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Overwhelmed by the idea of an estate plan? Focus on these three steps.

Three steps can help ease the process of putting together an estate plan.

Young, old, married or single, these demographics do not change the fact that everyone should have some sort of estate plan. An estate plan allows an individual to greater control over his or her life. It addresses assets and certain health care decisions. The plan can be simple or complex, depending on the maker's wishes.

Even though these plans are important, many put off establishing even a basic plan. Putting together an estate plan may seem like an overwhelming process, but the burden can be eased with these three main steps:

  • Figure out what your estate is. The first, and arguably most important step, is determining exactly what your estate is. The Oxford Dictionary defines an estate as "all the money and property owned by a particular person," but the legal definition is much more complex. In addition to actual property like real estate and tangible possessions, an estate also includes stocks, securities, retirement accounts and insurance policies. The estate must also take into consideration debts, like mortgages, loans, credit cards and other obligations.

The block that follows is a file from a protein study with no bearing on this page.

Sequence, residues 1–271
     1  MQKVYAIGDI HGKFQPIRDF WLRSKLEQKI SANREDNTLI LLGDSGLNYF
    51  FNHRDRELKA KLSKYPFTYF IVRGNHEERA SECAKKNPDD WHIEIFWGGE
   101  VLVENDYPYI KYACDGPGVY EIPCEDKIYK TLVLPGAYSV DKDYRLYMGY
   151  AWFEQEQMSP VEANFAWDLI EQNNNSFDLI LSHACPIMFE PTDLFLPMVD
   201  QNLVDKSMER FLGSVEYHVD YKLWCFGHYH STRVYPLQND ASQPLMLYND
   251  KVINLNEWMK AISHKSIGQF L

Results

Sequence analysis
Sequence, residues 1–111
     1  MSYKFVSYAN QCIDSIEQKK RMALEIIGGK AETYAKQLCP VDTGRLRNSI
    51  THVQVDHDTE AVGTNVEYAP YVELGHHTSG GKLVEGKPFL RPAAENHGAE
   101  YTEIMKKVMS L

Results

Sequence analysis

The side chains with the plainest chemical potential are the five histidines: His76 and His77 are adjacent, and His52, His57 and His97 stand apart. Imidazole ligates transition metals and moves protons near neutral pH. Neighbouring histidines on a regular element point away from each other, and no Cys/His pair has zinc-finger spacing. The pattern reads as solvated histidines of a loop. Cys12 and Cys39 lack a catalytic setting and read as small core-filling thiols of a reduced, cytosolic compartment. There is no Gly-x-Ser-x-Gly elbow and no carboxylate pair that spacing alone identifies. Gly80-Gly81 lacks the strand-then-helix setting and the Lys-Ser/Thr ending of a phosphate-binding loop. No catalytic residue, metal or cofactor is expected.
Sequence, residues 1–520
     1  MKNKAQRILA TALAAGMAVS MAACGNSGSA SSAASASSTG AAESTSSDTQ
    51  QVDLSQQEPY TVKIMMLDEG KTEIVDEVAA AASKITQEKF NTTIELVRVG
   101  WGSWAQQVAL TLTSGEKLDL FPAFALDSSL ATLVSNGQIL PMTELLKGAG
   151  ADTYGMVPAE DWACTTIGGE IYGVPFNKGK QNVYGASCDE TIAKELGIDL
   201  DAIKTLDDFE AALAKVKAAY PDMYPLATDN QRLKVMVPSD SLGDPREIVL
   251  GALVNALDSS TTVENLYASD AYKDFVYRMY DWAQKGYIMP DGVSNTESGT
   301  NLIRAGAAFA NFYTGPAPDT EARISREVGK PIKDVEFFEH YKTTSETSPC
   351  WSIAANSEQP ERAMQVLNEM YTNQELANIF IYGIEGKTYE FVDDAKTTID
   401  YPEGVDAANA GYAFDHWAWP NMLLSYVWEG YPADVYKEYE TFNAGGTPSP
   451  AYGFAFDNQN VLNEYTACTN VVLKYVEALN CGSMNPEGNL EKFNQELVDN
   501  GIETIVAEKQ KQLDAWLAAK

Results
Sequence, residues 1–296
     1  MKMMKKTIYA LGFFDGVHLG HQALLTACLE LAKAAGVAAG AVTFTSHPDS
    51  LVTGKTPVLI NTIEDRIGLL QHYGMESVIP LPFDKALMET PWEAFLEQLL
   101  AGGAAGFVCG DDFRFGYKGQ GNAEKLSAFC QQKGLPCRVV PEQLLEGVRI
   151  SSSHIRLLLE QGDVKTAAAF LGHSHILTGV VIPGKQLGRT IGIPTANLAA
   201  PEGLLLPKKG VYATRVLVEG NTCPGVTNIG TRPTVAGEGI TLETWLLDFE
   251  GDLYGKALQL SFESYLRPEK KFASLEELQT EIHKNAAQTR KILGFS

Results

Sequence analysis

• Figure out who your beneficiaries are. A recent article by Nasdaq touched on this issue, noting determining beneficiaries can be the most emotionally difficult portion of putting together an estate plan. Beneficiaries may include more than just family members and friends. In some plans, churches, schools, parks, libraries and other charitable organizations are also listed.
  • Figure out who you want to get what. Once the list of beneficiaries is determined, the next step involves actually deciding what items are passed along. This can be done in a variety of ways. In some cases, it may be wise to gift during one's lifetime. This can result in estate tax benefits for the gifter while keeping assets within the family. For those with significant assets, a trust can provide a way to pass along assets without going through probate while also providing the owner with tax savings.

Taking these main steps will help ease the rest of the process. Although these steps are fairly easy, it is important to note that the laws that govern estate plans are complex and often change. It is also important to note that these steps deal primarily with assets and do not address medical decisions. Other documents, like a health care proxy, are needed to meet these needs. As a result, it is wise to contact an experienced estate planning lawyer to help better ensure your wishes become a reality.

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